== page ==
Closed Doors at Episcopal Church

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Just last month, the director of the Episcopal Church’s Office of Government Relations, Maureen Shea, called on President Bush to open an “interests section” — essentially, a pared down embassy — in Tehran, Iran.

“For too long, the U.S. policy of non-engagement with Iran has brought us inflammatory words and provocative actions and has failed to reduce tensions or move toward a just and peaceful relationship,” Ms. Shea wrote in the letter, which she also addressed to the presidential candidates. Ms. Shea’s counterparts from the Quakers and the Mennonites also signed the letter.

It’s amusing to watch the left-wing leadership of a religious group take President Bush to task for his administration’s policy of non-engagement, because the leaders of the very same Episcopal Church last week voted to depose one its bishops for refusing to go along with the church’s radical leftist agenda. And there was no debate or dialogue allowed.

The presiding bishop of the Episcopal Church, Katherine Jefferts Schori, apparently has no use for a similar policy of engagement when it comes to a bishop of her church, Robert Duncan, whose only fault is that he follows the authority of scripture — and not Ms. Schori’s trendy politics. Last Friday, Ms. Schori signed a formal sentence deposing Bishop Duncan from the ordained ministry and removed him as bishop of the Diocese of Pittsburgh.

Fortunately, the Anglican Province of the Southern Cone of southern South America immediately instated Bishop Duncan into its governing body. The idea here is that Bishop Duncan and the Episcopalians of greater Pittsburgh will be able to continue to worship the way they always have, but under new leadership, even if the diocese they are now a part of is non-geographical; i.e., far away in South America.

Bishop Duncan’s attorney, John Lewis, said in a statement on Monday that he thinks Ms. Schori “believes that his ‘deposition’ will assist her in her desire to seize the property of the Diocese of Pittsburgh.” It seems this mess all comes down to who can get his — or her — hands on valuable real estate.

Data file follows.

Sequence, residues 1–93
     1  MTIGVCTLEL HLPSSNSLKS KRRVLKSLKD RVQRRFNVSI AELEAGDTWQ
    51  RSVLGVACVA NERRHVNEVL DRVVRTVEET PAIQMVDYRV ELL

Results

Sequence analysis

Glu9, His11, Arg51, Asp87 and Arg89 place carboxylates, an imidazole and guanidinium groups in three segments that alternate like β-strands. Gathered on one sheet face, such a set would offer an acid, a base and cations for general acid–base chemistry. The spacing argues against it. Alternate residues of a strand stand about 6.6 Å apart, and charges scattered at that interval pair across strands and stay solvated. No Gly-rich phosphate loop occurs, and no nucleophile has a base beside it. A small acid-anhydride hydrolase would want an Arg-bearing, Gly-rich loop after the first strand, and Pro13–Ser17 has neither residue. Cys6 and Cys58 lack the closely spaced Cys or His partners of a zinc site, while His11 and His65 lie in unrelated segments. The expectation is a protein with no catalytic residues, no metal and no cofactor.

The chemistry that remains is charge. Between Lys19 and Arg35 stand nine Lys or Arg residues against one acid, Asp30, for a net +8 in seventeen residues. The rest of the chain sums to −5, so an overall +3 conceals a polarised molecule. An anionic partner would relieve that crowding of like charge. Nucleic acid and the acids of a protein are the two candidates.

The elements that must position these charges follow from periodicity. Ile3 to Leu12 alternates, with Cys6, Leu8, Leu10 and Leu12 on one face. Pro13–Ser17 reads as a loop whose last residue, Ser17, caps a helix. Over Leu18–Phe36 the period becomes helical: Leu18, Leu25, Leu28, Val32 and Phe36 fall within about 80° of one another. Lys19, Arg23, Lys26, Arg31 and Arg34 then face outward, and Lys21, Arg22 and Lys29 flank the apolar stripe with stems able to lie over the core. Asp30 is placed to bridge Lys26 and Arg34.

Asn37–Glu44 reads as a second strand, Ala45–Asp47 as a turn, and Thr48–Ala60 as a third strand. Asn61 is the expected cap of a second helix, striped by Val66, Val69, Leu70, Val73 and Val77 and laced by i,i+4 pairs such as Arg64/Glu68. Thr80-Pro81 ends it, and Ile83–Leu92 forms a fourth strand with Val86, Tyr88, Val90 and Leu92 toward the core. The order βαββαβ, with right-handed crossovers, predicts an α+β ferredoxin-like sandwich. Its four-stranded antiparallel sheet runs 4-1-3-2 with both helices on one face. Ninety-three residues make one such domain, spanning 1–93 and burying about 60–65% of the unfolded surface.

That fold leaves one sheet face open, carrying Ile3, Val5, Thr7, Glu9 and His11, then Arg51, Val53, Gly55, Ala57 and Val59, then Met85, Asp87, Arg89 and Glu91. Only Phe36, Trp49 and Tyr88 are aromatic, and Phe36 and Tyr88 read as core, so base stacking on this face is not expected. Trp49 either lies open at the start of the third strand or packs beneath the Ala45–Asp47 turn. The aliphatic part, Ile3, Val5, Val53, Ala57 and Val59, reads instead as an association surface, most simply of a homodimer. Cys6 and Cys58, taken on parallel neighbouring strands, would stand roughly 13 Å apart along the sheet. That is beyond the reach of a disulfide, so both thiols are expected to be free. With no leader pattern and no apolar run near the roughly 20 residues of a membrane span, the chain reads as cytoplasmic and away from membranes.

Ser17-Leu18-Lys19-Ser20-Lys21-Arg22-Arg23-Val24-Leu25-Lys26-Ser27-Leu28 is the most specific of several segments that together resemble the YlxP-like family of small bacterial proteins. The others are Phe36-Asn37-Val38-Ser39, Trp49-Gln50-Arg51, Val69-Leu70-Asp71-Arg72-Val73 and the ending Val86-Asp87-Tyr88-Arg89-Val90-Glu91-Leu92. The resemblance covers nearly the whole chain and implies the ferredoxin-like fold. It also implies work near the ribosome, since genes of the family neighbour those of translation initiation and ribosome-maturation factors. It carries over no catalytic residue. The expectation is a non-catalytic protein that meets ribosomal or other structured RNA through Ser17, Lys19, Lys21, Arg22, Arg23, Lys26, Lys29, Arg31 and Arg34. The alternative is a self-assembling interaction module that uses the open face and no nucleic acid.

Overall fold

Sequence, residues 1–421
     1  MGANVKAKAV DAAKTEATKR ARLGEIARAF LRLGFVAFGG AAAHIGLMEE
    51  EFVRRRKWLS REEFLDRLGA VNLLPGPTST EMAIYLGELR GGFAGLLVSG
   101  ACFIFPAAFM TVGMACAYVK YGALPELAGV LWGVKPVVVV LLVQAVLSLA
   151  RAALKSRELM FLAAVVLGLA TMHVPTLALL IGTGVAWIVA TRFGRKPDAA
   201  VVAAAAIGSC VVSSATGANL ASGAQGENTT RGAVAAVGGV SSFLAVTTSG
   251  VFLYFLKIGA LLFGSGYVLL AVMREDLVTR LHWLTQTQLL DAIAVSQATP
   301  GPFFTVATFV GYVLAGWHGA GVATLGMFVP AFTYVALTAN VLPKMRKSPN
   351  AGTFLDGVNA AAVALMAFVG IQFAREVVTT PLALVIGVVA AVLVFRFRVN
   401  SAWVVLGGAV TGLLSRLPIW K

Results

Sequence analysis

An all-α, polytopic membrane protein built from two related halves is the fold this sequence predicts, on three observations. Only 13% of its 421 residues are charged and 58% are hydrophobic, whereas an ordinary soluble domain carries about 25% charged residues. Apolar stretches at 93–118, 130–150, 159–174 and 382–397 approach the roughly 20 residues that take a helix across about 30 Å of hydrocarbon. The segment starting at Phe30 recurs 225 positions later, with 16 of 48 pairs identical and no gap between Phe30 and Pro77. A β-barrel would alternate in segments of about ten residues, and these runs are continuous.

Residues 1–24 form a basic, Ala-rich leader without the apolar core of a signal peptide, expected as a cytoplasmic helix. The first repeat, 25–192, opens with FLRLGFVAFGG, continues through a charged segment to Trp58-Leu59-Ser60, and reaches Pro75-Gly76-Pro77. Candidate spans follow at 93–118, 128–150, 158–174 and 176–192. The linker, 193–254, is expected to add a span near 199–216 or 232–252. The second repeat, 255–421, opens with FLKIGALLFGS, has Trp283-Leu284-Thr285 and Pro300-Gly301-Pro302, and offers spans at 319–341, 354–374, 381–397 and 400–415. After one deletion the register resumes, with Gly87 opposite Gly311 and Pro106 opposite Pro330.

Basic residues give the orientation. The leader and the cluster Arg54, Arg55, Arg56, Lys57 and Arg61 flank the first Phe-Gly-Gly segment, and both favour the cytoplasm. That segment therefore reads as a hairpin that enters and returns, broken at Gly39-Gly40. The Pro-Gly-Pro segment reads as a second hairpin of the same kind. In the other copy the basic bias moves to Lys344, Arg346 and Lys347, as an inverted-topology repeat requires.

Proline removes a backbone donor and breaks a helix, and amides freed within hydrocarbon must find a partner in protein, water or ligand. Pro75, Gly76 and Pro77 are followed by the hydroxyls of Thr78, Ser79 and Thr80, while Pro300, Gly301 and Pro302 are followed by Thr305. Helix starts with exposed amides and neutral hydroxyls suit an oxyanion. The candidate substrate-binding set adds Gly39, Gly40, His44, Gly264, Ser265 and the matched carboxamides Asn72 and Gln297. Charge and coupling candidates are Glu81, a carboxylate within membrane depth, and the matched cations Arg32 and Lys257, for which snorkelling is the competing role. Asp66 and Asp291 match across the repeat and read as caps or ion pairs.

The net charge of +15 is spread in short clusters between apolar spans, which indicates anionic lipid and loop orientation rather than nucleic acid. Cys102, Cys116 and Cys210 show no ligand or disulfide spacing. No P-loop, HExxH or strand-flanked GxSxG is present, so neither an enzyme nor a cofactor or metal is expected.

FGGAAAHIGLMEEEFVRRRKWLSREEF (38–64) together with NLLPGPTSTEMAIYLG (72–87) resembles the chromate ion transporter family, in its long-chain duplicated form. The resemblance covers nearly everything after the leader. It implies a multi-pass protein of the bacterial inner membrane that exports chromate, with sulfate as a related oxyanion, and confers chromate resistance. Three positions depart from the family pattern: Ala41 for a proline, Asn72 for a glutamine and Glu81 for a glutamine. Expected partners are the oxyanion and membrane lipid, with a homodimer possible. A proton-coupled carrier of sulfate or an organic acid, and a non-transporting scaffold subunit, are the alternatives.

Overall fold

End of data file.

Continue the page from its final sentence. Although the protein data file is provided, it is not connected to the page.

For most Episcopalians, though, this tragic event speaks to more than just pricey real estate. The cornerstones of their beliefs, such as the apostolic succession, remain sacred and an integral part of their spiritual lives. Bishop Duncan was defrocked because he refused to go along with anything otherwise. His story is one of steadfastness and faith.

On the other hand, Ms. Schori’s actions leading up to the bogus deposition of Bishop Duncan were ruthless. She did what many bishops of the Episcopal Church have been doing for the last three decades: Re-jiggering some canon law and boldly trampling over the rest of it in order to push what is essentially a new socialist religion on an entire church body.

A good example of her cavalier actions: In order to move toward deposing a clergyman, canon law requires that the bishop must first be “inhibited” — that is to say, restricted — in his church duties. Ms. Schori disregarded this canon and instead signed the sentence of deposition.

Concurrent with this sad episode is the Episcopal Church’s inexplicable call for dialogue with the tyrannical Iranian president, who happens to be in New York City this week. In fact, this evening he attends a dinner in Midtown hosted by two church groups that have long partnered with the Episcopal Church and its radical socialist agenda: the Quakers and Mennonites, the same two groups who co-signed last month’s open letter calling for diplomatic relations with Iran.

The folks over at the Catholic League for Religious and Civil Rights issued this statement yesterday: “To appease someone like Ahmadinejad is sickening, but for it to be done in the name of Christianity is enough to induce vomiting.”

Indeed, we agree with our Roman Catholic friends that it’s not too difficult to get a bit queasy watching those who preach a mean game about engagement then have trouble putting any of it into practice themselves.

Mr. Akasie, an Episcopalian, is a contributor to The New York Sun.

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